William Newman and Gordon Hoffman, the two managing directors of NTV, bring complementary and coordinating skills to the management of the firm. Bill Newman has been deeply involved in the start-up business community from the investor’s perspective, while Gordon Hoffman has spent his career as an entrepreneur. Both bring an appreciation of the challenges and opportunities in the research and academic environments. Of particular relevance to the mission of NTV, both Mr. Hoffman and Mr. Newman have long experience in:
Leaving a career as university researcher to found a start-up, and from that position gaining 5 years of investment experience in a venture fund, Bill Newman brings a business perspective to the academic and research environment. Bill earned a Ph.D. in mechanical engineering and applied mathematics prior to joining the research faculty at MIT, where he served for more than a decade as a principal investigator on NIH-funded research and directed a joint program at MIT and the Harvard Medical School to develop and evaluate technology for the treatment of cancer. His discoveries led to four patents, and he left MIT to found a medical instrumentation start-up based on this research. After earning an MBA from MIT’s Sloan School of Management, he entered the venture industry to focus on early-stage investments, ultimately launching NTV in 2002. He serves on numerous corporate boards within the NTV portfolio, and on various academic and civic boards including past chair of the Oregon Bioscience Association, and as founding member of Oregon’s Innovation Council, the state’s advisory board on knowledge and innovation based economic development.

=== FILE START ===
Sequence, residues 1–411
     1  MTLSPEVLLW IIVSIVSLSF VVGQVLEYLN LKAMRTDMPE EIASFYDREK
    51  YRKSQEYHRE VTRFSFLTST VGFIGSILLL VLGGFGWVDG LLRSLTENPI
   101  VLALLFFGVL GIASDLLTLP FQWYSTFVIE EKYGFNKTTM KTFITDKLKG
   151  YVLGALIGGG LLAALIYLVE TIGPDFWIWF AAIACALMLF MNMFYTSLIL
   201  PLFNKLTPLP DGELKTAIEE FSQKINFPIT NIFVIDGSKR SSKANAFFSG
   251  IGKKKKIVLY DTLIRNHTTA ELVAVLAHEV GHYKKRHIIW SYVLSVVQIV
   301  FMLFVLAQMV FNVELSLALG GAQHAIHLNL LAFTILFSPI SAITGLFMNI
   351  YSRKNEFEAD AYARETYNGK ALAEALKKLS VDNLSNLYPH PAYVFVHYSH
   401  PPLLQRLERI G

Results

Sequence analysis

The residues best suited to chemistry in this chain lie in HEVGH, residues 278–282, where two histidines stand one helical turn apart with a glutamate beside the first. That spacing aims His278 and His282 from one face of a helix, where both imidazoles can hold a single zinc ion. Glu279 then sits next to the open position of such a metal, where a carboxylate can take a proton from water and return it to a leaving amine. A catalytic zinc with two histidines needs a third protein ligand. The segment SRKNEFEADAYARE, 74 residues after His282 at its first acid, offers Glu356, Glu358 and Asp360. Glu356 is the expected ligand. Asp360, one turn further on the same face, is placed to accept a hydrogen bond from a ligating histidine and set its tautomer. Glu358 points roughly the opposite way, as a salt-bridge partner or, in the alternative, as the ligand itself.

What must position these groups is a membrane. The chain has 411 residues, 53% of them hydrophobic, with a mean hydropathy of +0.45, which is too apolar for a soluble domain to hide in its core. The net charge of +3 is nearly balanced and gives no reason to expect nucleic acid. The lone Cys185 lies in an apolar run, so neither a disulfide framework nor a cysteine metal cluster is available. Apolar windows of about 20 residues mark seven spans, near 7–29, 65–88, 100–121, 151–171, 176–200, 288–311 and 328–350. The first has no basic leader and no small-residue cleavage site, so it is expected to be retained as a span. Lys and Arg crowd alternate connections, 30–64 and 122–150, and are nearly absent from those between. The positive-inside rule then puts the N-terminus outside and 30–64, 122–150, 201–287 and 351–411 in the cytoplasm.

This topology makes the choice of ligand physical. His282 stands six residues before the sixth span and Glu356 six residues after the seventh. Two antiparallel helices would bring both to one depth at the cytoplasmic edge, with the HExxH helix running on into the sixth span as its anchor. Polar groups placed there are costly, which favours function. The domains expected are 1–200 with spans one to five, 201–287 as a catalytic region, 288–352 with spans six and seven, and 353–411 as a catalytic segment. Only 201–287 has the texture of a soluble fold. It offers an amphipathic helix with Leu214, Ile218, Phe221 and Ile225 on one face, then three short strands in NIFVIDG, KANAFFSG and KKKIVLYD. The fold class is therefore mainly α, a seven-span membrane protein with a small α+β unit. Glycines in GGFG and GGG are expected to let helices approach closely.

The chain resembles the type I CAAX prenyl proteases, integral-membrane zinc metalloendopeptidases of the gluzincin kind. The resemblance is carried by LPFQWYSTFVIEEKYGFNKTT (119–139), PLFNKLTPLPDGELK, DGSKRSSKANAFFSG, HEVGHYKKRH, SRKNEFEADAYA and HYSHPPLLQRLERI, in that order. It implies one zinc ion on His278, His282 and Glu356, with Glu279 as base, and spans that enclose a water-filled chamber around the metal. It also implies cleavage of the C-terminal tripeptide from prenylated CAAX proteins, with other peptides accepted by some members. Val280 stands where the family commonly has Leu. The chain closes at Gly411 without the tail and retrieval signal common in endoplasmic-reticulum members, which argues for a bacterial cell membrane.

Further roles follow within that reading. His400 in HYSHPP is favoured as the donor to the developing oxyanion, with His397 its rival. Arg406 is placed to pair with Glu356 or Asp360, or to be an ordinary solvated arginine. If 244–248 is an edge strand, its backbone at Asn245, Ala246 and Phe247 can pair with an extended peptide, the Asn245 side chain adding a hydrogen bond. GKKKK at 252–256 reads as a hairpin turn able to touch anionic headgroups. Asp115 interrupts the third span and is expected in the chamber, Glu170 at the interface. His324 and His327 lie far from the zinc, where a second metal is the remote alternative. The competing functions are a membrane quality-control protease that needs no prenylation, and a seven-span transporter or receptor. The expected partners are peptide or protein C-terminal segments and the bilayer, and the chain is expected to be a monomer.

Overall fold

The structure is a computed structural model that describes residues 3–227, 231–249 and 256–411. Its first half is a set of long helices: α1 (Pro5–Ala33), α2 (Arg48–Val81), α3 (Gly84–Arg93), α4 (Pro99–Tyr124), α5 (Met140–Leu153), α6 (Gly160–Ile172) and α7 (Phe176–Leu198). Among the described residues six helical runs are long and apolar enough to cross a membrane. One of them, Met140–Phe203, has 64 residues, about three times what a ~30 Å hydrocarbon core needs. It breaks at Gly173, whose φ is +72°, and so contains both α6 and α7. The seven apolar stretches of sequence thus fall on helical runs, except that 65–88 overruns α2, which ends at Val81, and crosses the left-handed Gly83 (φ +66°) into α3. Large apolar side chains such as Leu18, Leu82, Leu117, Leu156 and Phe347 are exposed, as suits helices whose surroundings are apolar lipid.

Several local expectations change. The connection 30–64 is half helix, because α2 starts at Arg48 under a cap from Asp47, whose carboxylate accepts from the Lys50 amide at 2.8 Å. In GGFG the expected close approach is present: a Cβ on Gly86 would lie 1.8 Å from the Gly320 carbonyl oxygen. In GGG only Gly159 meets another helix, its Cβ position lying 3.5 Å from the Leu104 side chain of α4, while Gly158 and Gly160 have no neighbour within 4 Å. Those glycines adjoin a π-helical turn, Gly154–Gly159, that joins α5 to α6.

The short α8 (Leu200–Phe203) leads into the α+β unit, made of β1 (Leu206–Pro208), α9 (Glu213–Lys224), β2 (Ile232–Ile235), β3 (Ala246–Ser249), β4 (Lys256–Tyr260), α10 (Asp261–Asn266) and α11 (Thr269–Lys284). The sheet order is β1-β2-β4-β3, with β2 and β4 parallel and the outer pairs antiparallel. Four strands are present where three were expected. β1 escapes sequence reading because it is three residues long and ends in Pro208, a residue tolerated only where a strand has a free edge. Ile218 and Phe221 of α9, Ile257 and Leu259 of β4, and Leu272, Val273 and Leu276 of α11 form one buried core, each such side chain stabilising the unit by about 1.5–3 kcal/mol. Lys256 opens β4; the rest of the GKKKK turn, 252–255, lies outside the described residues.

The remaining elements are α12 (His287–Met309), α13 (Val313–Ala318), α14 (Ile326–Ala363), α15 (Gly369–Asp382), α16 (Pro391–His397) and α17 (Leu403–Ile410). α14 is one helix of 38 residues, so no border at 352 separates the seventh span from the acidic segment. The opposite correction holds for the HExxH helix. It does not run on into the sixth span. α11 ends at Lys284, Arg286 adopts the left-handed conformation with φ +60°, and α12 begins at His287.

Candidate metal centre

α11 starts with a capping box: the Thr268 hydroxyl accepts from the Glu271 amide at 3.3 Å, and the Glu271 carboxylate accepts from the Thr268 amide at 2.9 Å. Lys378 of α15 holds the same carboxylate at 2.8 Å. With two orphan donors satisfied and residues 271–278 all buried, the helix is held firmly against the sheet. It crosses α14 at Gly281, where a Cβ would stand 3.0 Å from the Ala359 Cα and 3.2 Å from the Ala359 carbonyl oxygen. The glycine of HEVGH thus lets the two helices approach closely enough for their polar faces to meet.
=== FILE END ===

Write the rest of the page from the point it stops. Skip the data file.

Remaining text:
In a complementary career path, Gordon Hoffman initiated a large corporate intrapreneurial venture and from there founded five start-ups, some with venture funding, and built them from inception through to growth and exit. Gordon has an MS in electrical engineering from Stanford University. He has been an early employee at seven startups, including five he founded - one of which as entrepreneur-in-residence at a venture fund. These five include two software venture-funded companies, an intrapreneurial semiconductor operation within a major corporation, an electronic components sales representative company, and a consulting firm. In the public policy realm, he served for four years by appointment as the governor’s commissioner for the Colorado Advanced Technology Initiative (CATI), a statewide entity charged with coordinating the strategic reorganization of the state’s major universities, creation of distinctive centers of excellence, and a personally-directed program to create a high-speed telecommunication infrastructure linking the state’s campuses. In the academic sector, he created and served as director of the Oregon Graduate Institute’s Office of Technology Commercialization. He has also served on numerous corporate boards, representing both management and investors, and on various academic and civic boards including Drive Oregon, the Oregon Council on Knowledge and Economic Development, the Portland State University Foundation, and its Electrical and Computer Engineering Department Advisory Board.
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